Welcome to the Apocalypse

You could probably build a pretty decent fortress against zombies or flying piranhas or most other forms of apocalyptic shift in the order of things with all the literature on the subject of the “End of the World.” Of course, most of these are simply the end of the status quo or at worst the end of humanity, but a big ol’ asteroid slamming into the Earth might just be a hard reset for all life on this mud ball. Enter the Apocalypse is a collection of over thirty tales of “The End.” More particularly, this book will cover the beginning of the end. Subsequent books will cover the time of surviving the apocalypse while the characters’ world’s crumbles, and the time of rebuilding for those who survive.

Below is a guest blog post regarding one of my fellow authors’ views on the subject.

Rachel Verkade learned everything from George Romero, Stephen King, John Landis, and Joe Lansdale. She’s currently living in England with her husband, a trio of cats, and a parrot who still thinks she’s a dinosaur. No pigs (yet). Her stories have been featured in Under the Bed, On the Premises, 69 Flavors of Paranoia, and Pseudopod, and she writes regular book reviews for The Future Fire.

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“I see a guy with his arm hanging off and one of his eyes eaten out and his skin gone all blue, I know I’m looking at a dead man.”  – The Other White Meat, Rachel Verkade

There’s a song by The Sprites about the apocalypse, and the chorus goes “I know all I need to know; I learned everything from George Romero, Dario Argento, maybe Tom Savini, Stuart Gordon, and Sam Raimi.” That pretty much sums up my experience as well (though I’m honestly not sure what Stuart Gordon’s name is doing there…did John Carpenter not scan?). The apocalypse was going to come in the form of either some virulent plague, or at the hands and jaws of the walking dead. Preferably (at least to my teenage brain) the latter. I think for a lot of lonely, alienated kids like me, the idea of society breaking down an being able to live as and how we choose was a very attractive one, no matter what the risks involved. There’s a childish appeal to it; instead of a clubhouse in the woods we build a zombie-proof base in a shopping mall, replacing the classmates and relatives we hate with our best friends. After the apocalypse we wouldn’t need to worry about the school bullies, about getting into the best college, about hiding our sexualities or justifying our tastes in music and clothes. Compared to all of that, dodging zombies and mutants seems simple.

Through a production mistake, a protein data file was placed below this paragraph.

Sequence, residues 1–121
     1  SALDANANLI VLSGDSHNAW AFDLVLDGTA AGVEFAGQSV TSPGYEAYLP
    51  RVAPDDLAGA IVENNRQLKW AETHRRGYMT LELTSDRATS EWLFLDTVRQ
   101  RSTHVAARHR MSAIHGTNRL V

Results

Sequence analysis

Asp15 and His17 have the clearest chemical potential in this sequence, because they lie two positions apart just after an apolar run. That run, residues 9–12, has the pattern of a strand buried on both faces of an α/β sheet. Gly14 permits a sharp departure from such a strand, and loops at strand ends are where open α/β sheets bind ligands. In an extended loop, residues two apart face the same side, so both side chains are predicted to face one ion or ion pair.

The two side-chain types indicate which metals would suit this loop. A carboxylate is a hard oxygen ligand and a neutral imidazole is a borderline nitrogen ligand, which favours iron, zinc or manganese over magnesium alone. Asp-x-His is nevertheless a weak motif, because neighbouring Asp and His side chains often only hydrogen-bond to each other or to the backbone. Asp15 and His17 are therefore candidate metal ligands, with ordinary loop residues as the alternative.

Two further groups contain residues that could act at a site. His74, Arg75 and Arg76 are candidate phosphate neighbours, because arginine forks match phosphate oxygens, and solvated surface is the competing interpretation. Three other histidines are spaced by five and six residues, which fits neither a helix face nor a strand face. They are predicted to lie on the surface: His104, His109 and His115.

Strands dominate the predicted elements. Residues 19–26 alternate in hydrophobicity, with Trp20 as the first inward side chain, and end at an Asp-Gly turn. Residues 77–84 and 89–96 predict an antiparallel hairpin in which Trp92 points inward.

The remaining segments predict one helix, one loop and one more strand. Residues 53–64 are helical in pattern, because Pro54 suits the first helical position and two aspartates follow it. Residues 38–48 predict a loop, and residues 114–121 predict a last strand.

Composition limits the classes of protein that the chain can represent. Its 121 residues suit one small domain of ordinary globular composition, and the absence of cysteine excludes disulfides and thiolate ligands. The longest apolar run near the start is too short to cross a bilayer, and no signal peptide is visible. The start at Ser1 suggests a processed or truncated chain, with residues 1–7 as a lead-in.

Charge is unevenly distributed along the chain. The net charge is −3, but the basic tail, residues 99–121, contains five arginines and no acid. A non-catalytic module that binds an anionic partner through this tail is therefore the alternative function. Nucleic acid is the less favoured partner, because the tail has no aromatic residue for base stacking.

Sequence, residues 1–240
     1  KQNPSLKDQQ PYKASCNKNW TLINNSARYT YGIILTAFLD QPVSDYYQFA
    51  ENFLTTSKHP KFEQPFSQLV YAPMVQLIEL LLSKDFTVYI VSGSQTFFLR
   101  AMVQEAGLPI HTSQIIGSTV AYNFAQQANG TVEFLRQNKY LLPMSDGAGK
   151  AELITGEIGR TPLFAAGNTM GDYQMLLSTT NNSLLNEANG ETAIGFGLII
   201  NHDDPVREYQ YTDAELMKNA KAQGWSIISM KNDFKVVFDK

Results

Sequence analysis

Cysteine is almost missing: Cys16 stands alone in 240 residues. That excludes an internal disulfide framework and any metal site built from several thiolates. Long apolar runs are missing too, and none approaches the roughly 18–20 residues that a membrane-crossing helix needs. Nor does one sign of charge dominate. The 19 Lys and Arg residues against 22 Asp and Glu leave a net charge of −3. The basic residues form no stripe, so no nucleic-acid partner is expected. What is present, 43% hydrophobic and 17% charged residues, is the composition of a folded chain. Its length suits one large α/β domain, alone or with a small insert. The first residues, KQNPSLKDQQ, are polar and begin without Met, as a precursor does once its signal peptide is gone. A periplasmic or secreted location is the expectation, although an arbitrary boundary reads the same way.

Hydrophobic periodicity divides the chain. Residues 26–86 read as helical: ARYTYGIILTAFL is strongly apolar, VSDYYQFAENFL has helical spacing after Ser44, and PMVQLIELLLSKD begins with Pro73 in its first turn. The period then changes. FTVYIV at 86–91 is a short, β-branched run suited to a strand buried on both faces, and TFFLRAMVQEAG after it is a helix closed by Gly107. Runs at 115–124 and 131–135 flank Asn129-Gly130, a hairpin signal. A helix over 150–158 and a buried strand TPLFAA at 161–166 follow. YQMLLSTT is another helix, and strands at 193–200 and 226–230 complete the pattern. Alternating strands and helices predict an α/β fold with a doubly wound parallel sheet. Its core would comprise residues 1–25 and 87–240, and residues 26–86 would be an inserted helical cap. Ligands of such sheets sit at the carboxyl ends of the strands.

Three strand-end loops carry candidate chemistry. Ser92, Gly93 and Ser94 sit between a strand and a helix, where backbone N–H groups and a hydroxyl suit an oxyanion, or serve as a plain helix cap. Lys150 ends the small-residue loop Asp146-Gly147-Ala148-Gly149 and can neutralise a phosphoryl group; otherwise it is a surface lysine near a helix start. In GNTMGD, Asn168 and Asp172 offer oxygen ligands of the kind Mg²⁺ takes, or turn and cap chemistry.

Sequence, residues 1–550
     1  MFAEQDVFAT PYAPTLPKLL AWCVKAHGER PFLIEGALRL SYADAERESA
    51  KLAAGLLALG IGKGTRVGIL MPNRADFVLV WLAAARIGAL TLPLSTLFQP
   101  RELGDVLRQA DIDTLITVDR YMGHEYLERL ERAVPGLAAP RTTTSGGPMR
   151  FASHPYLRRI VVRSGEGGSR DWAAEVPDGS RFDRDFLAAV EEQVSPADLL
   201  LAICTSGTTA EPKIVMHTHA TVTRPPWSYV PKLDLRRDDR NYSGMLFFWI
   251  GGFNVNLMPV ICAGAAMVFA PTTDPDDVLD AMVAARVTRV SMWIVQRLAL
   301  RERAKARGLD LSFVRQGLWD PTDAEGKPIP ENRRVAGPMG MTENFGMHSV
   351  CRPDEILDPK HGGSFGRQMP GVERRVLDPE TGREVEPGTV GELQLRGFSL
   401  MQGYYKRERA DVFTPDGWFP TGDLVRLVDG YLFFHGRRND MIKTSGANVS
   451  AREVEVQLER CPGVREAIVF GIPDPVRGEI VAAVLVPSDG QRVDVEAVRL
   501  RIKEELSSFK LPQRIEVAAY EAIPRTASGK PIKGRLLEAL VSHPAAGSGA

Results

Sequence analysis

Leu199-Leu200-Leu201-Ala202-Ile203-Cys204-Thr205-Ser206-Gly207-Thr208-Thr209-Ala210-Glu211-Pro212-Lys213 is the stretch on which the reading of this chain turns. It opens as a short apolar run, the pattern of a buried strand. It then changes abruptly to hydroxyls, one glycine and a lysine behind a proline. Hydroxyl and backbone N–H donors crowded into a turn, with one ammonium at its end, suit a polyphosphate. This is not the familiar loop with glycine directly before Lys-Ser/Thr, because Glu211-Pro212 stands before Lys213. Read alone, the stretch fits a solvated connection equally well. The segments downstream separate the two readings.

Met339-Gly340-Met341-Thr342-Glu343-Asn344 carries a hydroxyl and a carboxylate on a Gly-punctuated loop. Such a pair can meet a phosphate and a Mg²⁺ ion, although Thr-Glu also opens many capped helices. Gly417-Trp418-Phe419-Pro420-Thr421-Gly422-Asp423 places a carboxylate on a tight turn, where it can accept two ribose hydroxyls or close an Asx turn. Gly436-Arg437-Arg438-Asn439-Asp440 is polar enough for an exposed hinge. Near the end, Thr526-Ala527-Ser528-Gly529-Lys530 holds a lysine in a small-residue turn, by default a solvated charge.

I guess we all outgrow that phase sooner or later, but the idea does still linger in the brain and the consciousness, and I retained a lot of affection for the zombie apocalypse story. But one of the things that bothered me the most about these stories and movies was that very few of them thought to use animals. To me, animals like saddlehorses and trained dogs would be an incredible asset in such circumstances, especially when the alternative is struggling with unreliable sources of gasoline and blocked roadways, the latter of which were also where the hostile motorcycle gangs and rogue soldiers would be traveling as well. When animals did show up in zombie apocalypse stories, they were a plot point or a piece of set dressing. I wanted to remedy this, particularly with regard to horses, but I really couldn’t think of a new angle.

And then I re-watched “Snatch”. And it hit me that pigs who had become accustomed to eating corpses might be one heck of an asset when the zombies came knocking.